Fresh mini pretzels await packaging.

Fresh mini pretzels await packaging

AR Rewind: This story originally published in March 2015 and is being re-shared.

King Nut and Summer Harvest: If you’ve ever enjoyed an airline snack at 35,000 feet and inspected the wrapper, chances are you are familiar with one, or both, of these name brands. They, alongside Peterson Nut Co., make up the King Nut Companies family. As a fan of the airline industry, and the companies that support it, I’ve long been familiar with King Nut, and have spotted their products on numerous airlines. Plus, here at AirlineReporter, we love telling the behind-the-scenes stories of the airline world.

A few years back, I was excited to learn that they sometimes sell direct to the public the same airline-branded snacks I’ve come to know, love, and expect up in the air. I’ve made it a habit to occasionally place orders with them online in order to bring AvGeek-themed snacks to various gatherings; we even had their product at my son’s airline-themed birthday party.

A sack of honey roasted peanuts passes through an X-ray

A sack of honey roasted peanuts passes through an X-ray machine

I guess you could say I’m nuts for King Nut (you knew at some point I had to make that joke – figured I should get it out of the way). And while I’m a fan of their products, I never took the time to really learn about what it takes to get these snacks into the hands (and bellies) of passengers.

That opportunity presented itself recently, when I was in the Cleveland area on business. It just so happens that the King Nut facilities are less than a mile from one of my company’s offices in Solon, Ohio. I reached out to Mr. Martin Kanan, President and Chief Executive Officer, to see about a tour and for a chance to learn about their company – he was happy to do so. Sit back, relax, grab some snacks, and prepare to drool over some seriously tasty snackage photos and facts’¦

Southwest Airlines' Signature Honey Roasted Peanuts

Southwest Airlines’ signature Honey Roasted Peanuts

The building is hard to miss – large lettering scrolls across the front: King Nut / Summer Harvest / Peterson Nut Companies. Signage aside, I knew I had arrived at the birth place of Southwest’s honey roasted peanuts when I stepped out of the car and found myself basking in the aroma of freshly roasted peanuts. The toasty sweet smell took the edge off of the bitterly cold Ohio winter air.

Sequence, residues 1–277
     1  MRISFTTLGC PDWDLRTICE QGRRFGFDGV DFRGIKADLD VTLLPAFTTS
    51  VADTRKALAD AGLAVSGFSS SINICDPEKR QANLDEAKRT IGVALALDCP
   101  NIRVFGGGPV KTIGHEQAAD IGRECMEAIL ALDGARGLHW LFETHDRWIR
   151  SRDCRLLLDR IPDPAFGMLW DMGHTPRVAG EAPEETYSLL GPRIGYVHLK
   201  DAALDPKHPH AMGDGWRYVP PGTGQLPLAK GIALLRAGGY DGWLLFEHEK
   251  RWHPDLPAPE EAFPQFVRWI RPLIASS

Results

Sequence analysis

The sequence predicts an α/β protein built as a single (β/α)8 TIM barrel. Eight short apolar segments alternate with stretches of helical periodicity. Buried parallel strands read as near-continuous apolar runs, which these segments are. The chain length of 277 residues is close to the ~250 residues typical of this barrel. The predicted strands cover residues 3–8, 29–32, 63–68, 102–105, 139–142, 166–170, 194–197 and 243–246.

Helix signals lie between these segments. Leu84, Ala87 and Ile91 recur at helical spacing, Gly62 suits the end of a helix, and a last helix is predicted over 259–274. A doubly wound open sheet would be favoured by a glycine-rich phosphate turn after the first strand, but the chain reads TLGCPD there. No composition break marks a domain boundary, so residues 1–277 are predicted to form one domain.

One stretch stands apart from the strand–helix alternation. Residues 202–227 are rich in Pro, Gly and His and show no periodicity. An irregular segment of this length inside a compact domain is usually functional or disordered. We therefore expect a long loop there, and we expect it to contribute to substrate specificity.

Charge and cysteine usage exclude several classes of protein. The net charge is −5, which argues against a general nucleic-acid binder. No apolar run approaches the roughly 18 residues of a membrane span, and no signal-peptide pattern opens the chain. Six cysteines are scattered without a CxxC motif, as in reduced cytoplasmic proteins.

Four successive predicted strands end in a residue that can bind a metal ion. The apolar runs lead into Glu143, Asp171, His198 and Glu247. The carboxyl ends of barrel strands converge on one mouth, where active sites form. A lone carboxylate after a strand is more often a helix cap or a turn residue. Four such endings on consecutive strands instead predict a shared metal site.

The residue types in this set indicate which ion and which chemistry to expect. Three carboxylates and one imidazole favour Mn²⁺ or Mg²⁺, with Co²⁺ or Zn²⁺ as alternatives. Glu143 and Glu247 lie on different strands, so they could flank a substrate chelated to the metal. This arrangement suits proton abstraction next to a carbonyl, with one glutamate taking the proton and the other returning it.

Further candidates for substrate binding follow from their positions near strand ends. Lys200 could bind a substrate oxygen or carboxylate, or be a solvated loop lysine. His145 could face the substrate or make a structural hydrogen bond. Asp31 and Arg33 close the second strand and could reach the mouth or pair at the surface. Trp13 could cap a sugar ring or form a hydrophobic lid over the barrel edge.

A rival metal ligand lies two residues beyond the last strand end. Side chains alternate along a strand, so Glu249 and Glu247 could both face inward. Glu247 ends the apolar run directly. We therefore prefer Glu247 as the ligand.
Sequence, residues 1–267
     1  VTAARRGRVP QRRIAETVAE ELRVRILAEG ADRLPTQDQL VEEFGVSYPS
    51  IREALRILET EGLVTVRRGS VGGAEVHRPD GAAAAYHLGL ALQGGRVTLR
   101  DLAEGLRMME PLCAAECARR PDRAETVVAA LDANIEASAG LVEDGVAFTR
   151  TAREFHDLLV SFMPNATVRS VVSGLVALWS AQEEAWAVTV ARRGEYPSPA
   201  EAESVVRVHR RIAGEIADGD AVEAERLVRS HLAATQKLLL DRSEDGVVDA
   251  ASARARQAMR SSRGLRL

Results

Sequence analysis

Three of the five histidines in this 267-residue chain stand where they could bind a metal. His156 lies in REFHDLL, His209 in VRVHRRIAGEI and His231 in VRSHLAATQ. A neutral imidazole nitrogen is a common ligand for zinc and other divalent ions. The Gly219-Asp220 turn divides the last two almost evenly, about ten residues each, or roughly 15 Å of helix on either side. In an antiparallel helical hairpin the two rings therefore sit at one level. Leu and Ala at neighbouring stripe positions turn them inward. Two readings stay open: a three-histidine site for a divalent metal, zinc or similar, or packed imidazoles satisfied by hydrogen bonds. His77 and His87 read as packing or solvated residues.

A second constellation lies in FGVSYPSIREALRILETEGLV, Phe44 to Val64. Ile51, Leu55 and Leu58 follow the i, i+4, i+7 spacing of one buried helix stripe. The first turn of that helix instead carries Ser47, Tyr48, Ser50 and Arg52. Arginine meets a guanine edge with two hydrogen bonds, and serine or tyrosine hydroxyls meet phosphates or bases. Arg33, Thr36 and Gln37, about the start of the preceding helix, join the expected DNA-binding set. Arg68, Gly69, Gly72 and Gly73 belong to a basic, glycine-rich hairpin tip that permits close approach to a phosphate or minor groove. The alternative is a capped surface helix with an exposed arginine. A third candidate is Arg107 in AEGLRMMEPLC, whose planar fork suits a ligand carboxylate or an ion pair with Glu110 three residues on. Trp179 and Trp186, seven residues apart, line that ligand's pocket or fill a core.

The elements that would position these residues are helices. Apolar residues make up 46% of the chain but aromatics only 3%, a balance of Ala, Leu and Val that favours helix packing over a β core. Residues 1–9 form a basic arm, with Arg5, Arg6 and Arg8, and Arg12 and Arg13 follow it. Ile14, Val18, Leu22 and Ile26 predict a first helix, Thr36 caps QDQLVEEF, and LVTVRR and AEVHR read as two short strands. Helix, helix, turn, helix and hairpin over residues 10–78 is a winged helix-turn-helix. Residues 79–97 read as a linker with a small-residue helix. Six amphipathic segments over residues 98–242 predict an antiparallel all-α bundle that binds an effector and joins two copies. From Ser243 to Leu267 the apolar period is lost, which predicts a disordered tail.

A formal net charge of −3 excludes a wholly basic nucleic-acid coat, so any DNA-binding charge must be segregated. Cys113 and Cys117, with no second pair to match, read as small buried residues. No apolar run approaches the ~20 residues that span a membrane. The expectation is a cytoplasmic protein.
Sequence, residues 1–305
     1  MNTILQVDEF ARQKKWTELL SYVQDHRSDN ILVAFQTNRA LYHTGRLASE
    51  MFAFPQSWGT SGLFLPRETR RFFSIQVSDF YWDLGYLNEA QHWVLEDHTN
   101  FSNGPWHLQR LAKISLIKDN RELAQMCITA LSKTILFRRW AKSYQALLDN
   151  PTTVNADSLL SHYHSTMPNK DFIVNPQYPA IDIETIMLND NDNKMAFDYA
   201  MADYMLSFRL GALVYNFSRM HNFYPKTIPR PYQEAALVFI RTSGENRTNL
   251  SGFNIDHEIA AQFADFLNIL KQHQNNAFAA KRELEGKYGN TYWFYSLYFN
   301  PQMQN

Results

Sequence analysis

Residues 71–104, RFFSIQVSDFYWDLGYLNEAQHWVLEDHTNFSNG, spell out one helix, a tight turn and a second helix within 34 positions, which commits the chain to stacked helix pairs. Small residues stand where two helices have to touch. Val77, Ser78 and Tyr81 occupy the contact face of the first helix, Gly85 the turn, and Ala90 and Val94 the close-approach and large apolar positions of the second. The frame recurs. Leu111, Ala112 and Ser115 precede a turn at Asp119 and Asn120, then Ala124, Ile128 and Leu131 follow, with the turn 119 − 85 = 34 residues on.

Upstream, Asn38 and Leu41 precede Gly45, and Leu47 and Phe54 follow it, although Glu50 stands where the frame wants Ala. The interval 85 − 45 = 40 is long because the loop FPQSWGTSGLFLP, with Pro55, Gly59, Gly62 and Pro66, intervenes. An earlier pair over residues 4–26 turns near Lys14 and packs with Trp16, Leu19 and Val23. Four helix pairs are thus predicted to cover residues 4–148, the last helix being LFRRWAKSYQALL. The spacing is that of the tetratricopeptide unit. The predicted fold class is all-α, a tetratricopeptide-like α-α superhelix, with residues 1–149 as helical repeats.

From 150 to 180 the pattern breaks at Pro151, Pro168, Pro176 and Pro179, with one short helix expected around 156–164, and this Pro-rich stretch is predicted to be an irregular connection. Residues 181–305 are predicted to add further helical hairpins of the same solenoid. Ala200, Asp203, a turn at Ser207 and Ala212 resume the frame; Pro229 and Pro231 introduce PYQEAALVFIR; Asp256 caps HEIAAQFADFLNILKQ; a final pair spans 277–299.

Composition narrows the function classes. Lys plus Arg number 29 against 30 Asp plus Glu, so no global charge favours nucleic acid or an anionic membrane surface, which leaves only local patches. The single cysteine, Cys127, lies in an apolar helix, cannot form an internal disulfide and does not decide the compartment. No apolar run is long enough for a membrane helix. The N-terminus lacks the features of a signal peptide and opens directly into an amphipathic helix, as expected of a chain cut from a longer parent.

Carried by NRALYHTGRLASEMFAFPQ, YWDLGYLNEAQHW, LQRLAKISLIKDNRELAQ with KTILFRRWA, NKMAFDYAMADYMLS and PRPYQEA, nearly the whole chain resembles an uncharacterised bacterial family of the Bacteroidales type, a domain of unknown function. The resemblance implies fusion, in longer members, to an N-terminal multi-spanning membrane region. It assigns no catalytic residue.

During my short wait in the lobby, which of course was stocked with plenty of sample snacks, I took the opportunity to watch a well produced corporate identity video which was playing on loop. Minutes later I was greeted by the snack Chief himself, Martin, or as his employees call him, “Marty” Kanan.

The King Nut facility in Solon, Ohio- Photo: Clum Media

The King Nut facility in Solon, Ohio – Photo: Clum Media

About the King Nut

King Nut traces its roots back to 1927, then a supplier to local bars and later sports venues. Humble roots for a company that now serves all but one of the “big six” domestic airlines, plus a number of foreign carriers. The entire company’s footprint is in Northeast Ohio: two factories across the street from one another, plus a distribution center just down the road. This hyper-local business, with international exposure, is a real source of pride for the locals – which became evident during my stay in the Cleveland area.

The company produces 500 unique products and mixes and ships hundreds of thousands of individual units each weekday, but manages to keep costs low through an efficient, well-trained workforce. Just 300 employees spread across 3 shifts, on a 24×5 workweek, support the entire operation. This family-owned business strikes the perfect balance of small company charm, where everyone knows everyone, and the CEO is on a first-name basis with all employees, while still managing to keep costs low to appeal to the always-cost-cutting airline industry.

Alaska's Morning Blend: Cinnamon pretzels, dried pineapple & caramel macchiato sesame bites. Heck yes!

Alaska’s Morning Blend: Cinnamon pretzels, dried pineapple & caramel macchiato sesame bites. Heck yes!